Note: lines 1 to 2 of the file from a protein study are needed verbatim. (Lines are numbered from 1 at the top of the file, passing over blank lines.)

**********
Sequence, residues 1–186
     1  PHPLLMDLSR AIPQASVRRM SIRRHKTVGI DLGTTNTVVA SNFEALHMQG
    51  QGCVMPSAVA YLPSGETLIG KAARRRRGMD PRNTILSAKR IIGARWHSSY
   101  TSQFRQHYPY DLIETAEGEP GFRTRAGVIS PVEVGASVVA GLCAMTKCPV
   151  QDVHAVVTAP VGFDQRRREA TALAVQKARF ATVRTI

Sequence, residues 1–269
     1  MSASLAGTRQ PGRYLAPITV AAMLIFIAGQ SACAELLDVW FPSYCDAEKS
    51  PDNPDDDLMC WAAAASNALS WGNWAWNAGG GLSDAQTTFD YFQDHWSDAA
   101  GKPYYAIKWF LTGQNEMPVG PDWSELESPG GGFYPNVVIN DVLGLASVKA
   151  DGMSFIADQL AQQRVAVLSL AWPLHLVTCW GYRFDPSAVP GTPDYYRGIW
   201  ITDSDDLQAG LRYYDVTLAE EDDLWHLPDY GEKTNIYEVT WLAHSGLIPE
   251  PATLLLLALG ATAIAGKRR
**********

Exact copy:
Sequence, residues 1–186
     1  PHPLLMDLSR AIPQASVRRM SIRRHKTVGI DLGTTNTVVA SNFEALHMQG